[Haskell-cafe] Re: Hackage on Linux

Andrew Coppin andrewcoppin at btinternet.com
Sat Aug 28 04:55:04 EDT 2010

Erik de Castro Lopo wrote:
> Andrew Coppin wrote:
>> Windows has more package management facilities than most people realise.
>> For example, go install Office 2007. In fact, just install Excel 2007, 
>> not the whole thing. Windows Installer can automatically figure out that 
>> you *do* need to install the Spell Checker (since Excel uses that), but 
>> you do *not* need to install the Grammar Checker (since only Word and 
>> PowerPoint use that, and you haven't selected to install those). Not 
>> only does it decide what to install, but you can query it 
> Thats a specific installer for a specific program.

It is. But my point is, it's not the program installer itself that 
provides all this functionallity. It's the Windows operating system. A 
3rd party program can, for example, ask if component X of MS Office is 
installed, and if so, where it's located. You can set things up so that 
if some 3rd party needs to access a feature of MS Office that isn't 
currently installed, it installs it (if the installation files are 
cached; it used to ask for you to insert the install CD). For native 
Windows stuff, there are ways to check what version of DirectX is 
installed and update it if necessary; you don't have to write that code 
yourself, it's provided by the OS. Just like under (say) Debian, you 
don't have to implement apt-get yourself, it's provided for you.

About the only thing *not* provided is the ability to automatically 
fetch the installer for whatever it is you need. And that's because 
usually to obtain the installer, you need to *pay money* to whatever 
company it is that *sells* it.

> The whole problem with windows is that every 3rd party program is
> responsible for its own installation and removal and is free to 
> do that in its own way. It also encourgaes monolithic installers,
> installers that include everything.

Each application can of course install itself in its own way. For some, 
that's as simple as unzipping an install image and putting it somewhere 
convinient. For others, it means running an elaborate installation 
program. But, the point I'm trying to get at is, there *is* a standard 
installation system (which you can of course choose not to package your 
application with), and if you use it, it gives you things like 
dependency resolution and telling you what stuff is installed where and 
so on.

I agree with your last point, however; not having a central location 
where software can be obtained from *does* encourage monolithic 
installers. The installer is essentially a mini repo that contains the 
package and all its dependences; it then uses Windows to decide which 
[if any] of those dependencies are already installed or else need to be 

> However, the software you are complaining about is mostly FOSS
> software that had its genesis on Linux/Unix and assumes that
> build dependencies can be resolved at compile time and that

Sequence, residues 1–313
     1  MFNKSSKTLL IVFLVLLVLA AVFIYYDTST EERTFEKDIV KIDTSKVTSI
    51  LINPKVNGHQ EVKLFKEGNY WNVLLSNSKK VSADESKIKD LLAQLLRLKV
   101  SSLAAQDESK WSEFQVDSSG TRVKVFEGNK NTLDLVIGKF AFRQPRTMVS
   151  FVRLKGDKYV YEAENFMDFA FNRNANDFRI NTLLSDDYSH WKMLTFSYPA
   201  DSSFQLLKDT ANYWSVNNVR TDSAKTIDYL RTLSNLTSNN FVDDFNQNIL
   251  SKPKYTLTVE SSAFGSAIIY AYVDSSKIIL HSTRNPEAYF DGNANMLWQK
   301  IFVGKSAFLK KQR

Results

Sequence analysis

> install dependencies can be resolved at install time. Windows
> of course fails these two assumptions completely.

On Linux, if I do, say, "cabal install zlib", it falls over and tells me 
it can't find the zlib headers. So I go install them, rerun the command, 
and it works. On Windows, I issue the same command and it falls over and 
says that autoconf doesn't exist. It doesn't even *get* to the part 
where it looks for header files!

Interestingly, even though everybody claims that it's "impossible" to 
support C bindings on Windows, gtk2hs has managed it somehow. If you try 
to built it, it complains that it can't find the GTK+ headers. Go 
install those, add them to the search path, and suddenly it builds just 
fine. No problems with it. Go figure...

> Until something like apt-get becomes popular, widespread and
> well supported, you are going to continue to feel pain.

As I say, gtk2hs builds just fine today. (The upstream packaging of the 
Windows GTK+ port leaves a little to be desired, but that's not a 
Haskell problem.) It's as trivial as unpacking a few zip files and 
tweaking the search path.

> hoping that Linux and Mac devs will fix windows problems
> is not going to get you anywhere.

How about hoping that Linux and Mac devs are going to realise that 
Windows doesn't have some of the problems that people claim it does?

Hmm, thinking about it... nah, that's not happening anytime soon either. ;-)

>> I 
>> guess it depends on whether you think your students are going into 
>> datacenter support (probably Unix) or desktop support or application 
>> development (obviously all desktops are Windows).
> Here's a funny thing. I know a large number of professional software
> engineers and people who mix that with sys admin work. Only a tiny
> fraction of those people write code for the windows platform. Do I
> conclude from my data that most developers develop for Linux?

...which leads us back to my "I guess it depends" then?

My "obviously all desktops are Windows" was not meant to be entirely 
serious. But it's not exactly a revelation to state that Windows has 
much greater penetration in the desktop market than either Linux or 
indeed Mac OS. Linux is much more popular now than it used to be (e.g., 
I can remember when you had to wear open-toed sandals and eat lentil 
burgers in order to run Linux), but it's not yet anywhere near the level 
of popularity of Windows.

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